Determining mRNA Survival

Researchers uncover a self-destruct mechanism that determines the lifespan of messenger RNA molecules.

By | December 23, 2011

Tom Ellenberger" > Wikimedia Commons, Tom Ellenberger

WIKIMEDIA COMMONS, TOM ELLENBERGER

Observing single molecules in yeast cells in real time, researchers have discovered that the promoter regions of two genes involved in the cell cycle not only act to encourage transcription; they also initiate a self-destruct timer that controls when the resulting messenger RNA (mRNA) molecules are degraded. The results, published today (December 22) in Cell, provide some of the first clues regarding how cells manage their mRNA levels, and could have implications for controlling cell division in cancer.

“Our findings indicate that genes making proteins whose levels must be carefully controlled contain promoter regions that sentence their mRNA molecules to death even as the mRNA is being born,” senior author Robert Singer of the Gruss Lipper Biophotonics Center and Albert Einstein College of Medicine of Yeshiva University said in a press release. “Their lifespans are determined at the moment of their birth.”

Specifically, the promoter regions of SWI5 and CLB2—both genes critical for regulating the cell cycle—recruit a protein called Dbf2p to jump onto the mRNAs during transcription. In the cytoplasm, another protein, called Dbf20p, joins Dbf2p, essentially tagging the mRNA for destruction.

Due to SWI5 and CLB2’s involvement in the cell cycle, the results could be relevant for developing anti-cancer therapeutics, Singer said. “Once you gain insight into the mechanisms controlling the cell cycle and cell division, you can propose targeted therapies for regulating the uncontrolled cell division that characterizes cancer.”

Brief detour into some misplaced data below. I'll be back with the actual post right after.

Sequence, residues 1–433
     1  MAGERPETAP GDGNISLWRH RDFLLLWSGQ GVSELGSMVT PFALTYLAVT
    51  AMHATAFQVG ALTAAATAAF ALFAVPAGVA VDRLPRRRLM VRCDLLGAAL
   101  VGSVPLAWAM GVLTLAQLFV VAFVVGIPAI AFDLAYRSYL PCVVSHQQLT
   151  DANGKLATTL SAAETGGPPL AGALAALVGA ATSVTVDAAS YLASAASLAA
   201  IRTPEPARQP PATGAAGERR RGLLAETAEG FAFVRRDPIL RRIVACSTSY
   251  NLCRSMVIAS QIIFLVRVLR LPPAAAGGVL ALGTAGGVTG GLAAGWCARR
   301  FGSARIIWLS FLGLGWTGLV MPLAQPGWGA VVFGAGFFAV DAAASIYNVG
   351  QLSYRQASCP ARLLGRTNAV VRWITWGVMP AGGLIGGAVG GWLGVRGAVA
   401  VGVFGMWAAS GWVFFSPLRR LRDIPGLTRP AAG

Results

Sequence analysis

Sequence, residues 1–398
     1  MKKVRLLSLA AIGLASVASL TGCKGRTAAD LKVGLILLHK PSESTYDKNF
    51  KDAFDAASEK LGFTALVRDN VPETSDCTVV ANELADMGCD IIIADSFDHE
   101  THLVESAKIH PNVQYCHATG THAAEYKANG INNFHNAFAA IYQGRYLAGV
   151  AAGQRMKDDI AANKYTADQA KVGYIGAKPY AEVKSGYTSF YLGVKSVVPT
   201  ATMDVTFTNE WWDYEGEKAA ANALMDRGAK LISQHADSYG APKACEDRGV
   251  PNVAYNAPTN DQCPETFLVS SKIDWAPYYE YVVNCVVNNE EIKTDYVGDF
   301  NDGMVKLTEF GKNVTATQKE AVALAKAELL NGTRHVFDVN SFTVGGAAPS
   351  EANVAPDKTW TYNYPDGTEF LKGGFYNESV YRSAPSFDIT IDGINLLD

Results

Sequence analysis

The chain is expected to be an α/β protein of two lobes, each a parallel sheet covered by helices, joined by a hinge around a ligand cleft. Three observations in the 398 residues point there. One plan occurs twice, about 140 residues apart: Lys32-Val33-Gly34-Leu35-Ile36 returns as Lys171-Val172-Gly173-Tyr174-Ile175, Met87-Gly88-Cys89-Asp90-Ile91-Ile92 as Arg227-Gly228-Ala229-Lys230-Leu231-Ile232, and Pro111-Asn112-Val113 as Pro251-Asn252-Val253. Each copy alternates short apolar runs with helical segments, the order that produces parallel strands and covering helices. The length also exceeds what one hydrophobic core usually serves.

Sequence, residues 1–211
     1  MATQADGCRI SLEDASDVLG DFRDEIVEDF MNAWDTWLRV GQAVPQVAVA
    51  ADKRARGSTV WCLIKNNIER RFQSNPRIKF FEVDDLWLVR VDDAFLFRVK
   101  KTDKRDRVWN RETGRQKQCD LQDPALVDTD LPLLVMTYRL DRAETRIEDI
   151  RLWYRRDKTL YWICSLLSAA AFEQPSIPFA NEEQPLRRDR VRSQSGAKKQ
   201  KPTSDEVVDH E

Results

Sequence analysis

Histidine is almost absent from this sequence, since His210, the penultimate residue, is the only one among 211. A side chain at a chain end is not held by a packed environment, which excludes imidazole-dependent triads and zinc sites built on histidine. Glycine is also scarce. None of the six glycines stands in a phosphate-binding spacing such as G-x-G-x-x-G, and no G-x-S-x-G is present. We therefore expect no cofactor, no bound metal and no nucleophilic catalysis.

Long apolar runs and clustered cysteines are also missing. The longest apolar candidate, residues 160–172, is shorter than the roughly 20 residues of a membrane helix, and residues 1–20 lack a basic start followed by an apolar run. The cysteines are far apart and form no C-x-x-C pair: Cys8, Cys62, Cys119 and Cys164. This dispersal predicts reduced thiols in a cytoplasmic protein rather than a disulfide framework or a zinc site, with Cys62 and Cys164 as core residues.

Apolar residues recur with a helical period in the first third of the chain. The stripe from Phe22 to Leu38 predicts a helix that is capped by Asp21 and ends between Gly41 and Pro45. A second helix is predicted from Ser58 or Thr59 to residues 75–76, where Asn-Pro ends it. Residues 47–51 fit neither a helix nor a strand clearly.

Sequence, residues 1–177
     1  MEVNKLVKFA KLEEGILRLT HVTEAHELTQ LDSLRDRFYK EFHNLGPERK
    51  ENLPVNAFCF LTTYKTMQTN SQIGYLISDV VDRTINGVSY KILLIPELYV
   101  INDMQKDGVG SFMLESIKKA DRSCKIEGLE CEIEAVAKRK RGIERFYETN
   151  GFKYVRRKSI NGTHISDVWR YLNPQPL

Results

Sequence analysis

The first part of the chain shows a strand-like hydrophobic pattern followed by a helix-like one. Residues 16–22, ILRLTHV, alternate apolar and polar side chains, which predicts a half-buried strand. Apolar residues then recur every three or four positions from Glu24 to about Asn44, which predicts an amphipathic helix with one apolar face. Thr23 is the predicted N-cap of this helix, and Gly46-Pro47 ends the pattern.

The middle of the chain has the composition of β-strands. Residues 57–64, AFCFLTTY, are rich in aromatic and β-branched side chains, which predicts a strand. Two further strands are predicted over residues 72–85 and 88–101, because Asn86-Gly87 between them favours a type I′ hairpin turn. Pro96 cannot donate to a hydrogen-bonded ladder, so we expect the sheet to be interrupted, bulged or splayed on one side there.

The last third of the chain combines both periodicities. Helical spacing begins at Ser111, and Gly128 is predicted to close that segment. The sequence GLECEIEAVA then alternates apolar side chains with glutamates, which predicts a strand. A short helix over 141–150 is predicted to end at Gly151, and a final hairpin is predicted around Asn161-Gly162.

Add a Comment

Avatar of: You

You

Processing...
Processing...

Sign In with your LabX Media Group Passport to leave a comment

Not a member? Register Now!

LabX Media Group Passport Logo

Comments

Avatar of: Bruce Dogg

Bruce Dogg

Posts: 5

January 2, 2012

Makes you wonder if this may also have a roll to play in human longevity in general. Working out how and why cells die in general or making them replicate perfectly is probably one of the most important human goals of the next century.

Avatar of:

Posts: 0

January 2, 2012

Makes you wonder if this may also have a roll to play in human longevity in general. Working out how and why cells die in general or making them replicate perfectly is probably one of the most important human goals of the next century.

Avatar of:

Posts: 0

January 2, 2012

Makes you wonder if this may also have a roll to play in human longevity in general. Working out how and why cells die in general or making them replicate perfectly is probably one of the most important human goals of the next century.

Popular Now

  1. How Gaining and Losing Weight Affects the Body
    Daily News How Gaining and Losing Weight Affects the Body

    Millions of measurements from 23 people who consumed extra calories every day for a month reveal changes in proteins, metabolites, and gut microbiota that accompany shifts in body mass.

  2. That Other CRISPR Patent Dispute
    Daily News That Other CRISPR Patent Dispute

    The Broad Institute and Rockefeller University disagree over which scientists should be named as inventors on certain patents involving the gene-editing technology.

  3. Neurons Use Virus-Like Proteins to Transmit Information
  4. EPO Revokes Broad’s CRISPR Patent
    The Nutshell EPO Revokes Broad’s CRISPR Patent

    Shortly after ruling out the earliest priority dates on a foundational patent for CRISPR gene-editing technology, the European Patent Office rescinded the patent entirely—and more are likely to follow.

AAAS